Planned Parenthood in Moorhead sees increase in patients
FARGO-The Planned Parenthood clinic in Moorhead is seeing a surge in demand for services from women who fear that access to birth-control services could be curtailed as a result of the election.Patients ordinarily can get an appointment at the Pl...
FARGO-The Planned Parenthood clinic in Moorhead is seeing a surge in demand for services from women who fear that access to birth-control services could be curtailed as a result of the election.
Patients ordinarily can get an appointment at the Planned Parenthood clinic within two or three days, but the wait time has grown to six or seven days as a result of the spike in appointments, said Sarah Stoesz, president of Planned Parenthood of Minnesota, North Dakota and South Dakota.
The increase began after Republican Donald Trump won the Nov. 8 presidential race, Stoesz said, with women seeking longer-acting forms of birth control, such as an intrauterine device.
"People are worried that Planned Parenthood won't be there," she said. "Women have been quite alarmed by the election."
Similar increases have occurred at Planned Parenthood clinics around the country since the election. Trump has said he will appoint a conservative to the U.S. Supreme Court to overturn the landmark 1973 decision affirming a woman's constitutional right to an abortion.
Another possibility is that Congress could move to eliminate federal funding for Planned Parenthood, which provides birth control and reproductive health services as well as abortions in some of its clinics.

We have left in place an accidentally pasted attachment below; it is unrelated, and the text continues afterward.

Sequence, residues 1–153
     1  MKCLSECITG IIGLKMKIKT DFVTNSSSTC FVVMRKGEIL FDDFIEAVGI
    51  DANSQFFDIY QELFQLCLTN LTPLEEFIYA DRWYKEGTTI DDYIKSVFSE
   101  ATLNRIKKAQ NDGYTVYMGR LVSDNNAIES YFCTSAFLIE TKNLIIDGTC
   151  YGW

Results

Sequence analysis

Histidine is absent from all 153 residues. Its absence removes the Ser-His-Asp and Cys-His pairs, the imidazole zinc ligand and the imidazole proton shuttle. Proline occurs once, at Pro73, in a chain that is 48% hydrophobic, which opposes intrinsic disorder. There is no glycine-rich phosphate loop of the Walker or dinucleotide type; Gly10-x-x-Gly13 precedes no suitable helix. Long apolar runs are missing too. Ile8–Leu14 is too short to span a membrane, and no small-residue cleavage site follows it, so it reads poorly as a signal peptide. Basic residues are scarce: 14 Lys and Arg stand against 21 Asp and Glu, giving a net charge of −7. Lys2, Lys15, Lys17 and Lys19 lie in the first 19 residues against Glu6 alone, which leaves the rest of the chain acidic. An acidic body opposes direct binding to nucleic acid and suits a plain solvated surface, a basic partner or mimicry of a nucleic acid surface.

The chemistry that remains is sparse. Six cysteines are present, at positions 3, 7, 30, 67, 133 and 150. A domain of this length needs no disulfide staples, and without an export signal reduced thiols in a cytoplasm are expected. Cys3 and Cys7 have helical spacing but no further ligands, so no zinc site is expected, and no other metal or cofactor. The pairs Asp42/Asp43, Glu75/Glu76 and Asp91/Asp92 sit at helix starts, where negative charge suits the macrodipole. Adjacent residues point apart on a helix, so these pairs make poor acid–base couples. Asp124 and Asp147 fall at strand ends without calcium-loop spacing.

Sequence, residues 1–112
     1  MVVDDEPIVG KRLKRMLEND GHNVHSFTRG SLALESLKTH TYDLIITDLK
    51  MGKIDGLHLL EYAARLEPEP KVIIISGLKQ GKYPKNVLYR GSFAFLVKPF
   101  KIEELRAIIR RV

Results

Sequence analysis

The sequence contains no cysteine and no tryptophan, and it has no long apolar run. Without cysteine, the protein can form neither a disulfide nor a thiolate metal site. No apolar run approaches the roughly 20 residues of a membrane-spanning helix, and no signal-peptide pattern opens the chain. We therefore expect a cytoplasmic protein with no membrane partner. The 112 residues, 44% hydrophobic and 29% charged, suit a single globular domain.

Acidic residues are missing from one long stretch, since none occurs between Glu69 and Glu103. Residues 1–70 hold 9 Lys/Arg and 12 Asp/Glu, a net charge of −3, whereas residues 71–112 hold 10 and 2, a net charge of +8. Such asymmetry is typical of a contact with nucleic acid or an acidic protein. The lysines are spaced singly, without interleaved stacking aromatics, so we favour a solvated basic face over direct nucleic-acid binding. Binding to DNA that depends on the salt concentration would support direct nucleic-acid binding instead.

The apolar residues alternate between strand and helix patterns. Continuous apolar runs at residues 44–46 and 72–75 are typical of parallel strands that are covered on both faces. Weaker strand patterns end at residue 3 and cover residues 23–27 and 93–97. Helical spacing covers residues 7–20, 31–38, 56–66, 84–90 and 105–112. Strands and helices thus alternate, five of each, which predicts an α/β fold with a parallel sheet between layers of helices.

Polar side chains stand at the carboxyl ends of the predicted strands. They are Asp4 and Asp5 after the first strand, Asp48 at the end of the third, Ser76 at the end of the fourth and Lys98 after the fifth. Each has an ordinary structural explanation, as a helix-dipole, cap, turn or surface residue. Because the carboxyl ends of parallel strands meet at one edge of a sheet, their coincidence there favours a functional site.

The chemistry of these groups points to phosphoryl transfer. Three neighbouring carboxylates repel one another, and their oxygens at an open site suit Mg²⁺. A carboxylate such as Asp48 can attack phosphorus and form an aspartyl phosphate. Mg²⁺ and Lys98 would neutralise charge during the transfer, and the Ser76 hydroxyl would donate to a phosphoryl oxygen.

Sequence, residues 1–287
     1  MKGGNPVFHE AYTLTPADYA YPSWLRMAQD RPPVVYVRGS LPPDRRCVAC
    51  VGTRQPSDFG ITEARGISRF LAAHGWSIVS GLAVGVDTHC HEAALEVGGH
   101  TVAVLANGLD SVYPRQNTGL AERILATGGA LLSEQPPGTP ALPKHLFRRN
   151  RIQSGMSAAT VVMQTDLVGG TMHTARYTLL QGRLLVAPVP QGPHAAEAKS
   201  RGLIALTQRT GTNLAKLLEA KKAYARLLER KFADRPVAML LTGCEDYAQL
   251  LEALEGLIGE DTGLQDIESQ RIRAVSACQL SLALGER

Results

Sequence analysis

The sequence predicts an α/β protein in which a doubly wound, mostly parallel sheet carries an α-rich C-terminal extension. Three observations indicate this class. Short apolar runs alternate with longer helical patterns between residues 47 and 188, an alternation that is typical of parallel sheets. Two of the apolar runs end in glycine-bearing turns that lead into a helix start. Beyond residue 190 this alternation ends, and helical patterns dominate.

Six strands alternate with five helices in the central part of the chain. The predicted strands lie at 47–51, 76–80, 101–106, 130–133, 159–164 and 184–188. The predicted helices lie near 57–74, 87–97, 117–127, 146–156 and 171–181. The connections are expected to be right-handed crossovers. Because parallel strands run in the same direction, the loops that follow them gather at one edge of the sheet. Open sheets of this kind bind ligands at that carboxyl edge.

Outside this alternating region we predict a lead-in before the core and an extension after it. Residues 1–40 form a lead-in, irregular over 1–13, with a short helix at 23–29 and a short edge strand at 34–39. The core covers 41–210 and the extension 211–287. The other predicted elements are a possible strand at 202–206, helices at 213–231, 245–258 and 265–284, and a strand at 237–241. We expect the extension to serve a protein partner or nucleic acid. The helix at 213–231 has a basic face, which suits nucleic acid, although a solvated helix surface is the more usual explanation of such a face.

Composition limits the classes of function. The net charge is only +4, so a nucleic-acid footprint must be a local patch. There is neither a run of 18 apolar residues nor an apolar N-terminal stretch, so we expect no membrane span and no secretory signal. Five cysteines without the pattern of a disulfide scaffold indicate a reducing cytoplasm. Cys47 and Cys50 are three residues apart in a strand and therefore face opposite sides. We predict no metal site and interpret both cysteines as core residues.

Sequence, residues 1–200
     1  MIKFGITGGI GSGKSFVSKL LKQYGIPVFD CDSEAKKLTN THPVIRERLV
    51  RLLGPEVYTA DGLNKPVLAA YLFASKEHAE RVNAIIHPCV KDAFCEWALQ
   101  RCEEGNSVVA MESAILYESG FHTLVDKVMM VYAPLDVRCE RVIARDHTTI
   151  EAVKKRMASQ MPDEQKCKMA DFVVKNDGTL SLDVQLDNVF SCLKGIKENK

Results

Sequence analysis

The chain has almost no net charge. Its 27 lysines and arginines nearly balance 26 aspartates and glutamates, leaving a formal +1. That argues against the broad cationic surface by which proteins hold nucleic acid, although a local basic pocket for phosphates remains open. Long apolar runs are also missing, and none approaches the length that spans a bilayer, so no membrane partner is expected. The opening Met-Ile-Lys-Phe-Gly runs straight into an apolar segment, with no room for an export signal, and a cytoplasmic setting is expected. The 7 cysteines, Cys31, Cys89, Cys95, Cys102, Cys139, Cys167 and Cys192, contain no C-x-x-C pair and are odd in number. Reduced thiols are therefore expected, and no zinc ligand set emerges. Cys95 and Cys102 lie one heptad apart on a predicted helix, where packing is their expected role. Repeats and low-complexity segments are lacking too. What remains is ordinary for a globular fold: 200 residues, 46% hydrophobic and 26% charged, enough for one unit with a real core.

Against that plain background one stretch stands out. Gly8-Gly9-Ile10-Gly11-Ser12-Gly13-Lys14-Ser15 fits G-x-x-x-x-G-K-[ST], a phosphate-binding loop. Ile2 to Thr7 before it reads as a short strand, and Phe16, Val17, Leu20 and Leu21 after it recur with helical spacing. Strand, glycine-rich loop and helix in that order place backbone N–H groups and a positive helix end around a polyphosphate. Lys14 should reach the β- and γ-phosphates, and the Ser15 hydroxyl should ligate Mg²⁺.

Talk of defunding Planned Parenthood is not new. It's also not as simple as erasing a line item in the Medicaid budget-there is no such line item. Instead, as with other health providers, Planned Parenthood clinics bill for services, Stoesz said.
"It's unclear what's going to happen," she said Monday, Nov. 28, in a meeting with The Forum Editorial Board. "I don't think it would be a popular thing to do. It's indisputable that women use birth control."
She added: "I don't have any idea who would fill that void if we aren't here."
Stoesz is in town preparing for a Planned Parenthood event here Tuesday, Nov. 29, that will feature Wendy Davis, a former Texas legislator who has been a staunch supporter of preserving women's access to abortion.
More than half of the patients who seek care at the Planned Parenthood clinic in Moorhead-almost 2,800 yearly-are from North Dakota, Stoesz said.
Nationally, one in five women has used Planned Parenthood's services, typically when they are young, Stoesz said. That translates into a broad base of support for the organization, which has been a target for abortion foes.
If the widespread availability of birth control services, such as those provided by Planned Parenthood, were curtailed, the economy would suffer, Stoesz said.
Since birth control and abortion became readily available, women have found it easier to advance in their education and careers. "If that were to change, it would have an effect quite soon economically," she said, a result at odds with Trump's "Make America Great Again" slogan, she said.
Because of a possible threat to its services, support for Planned Parenthood and offers to volunteer have soared, Stoesz said. Advocates in North Dakota give 3,500 volunteer hours each year, speaking in support of reproductive health rights in the state, which Planned Parenthood said equates to $83,000.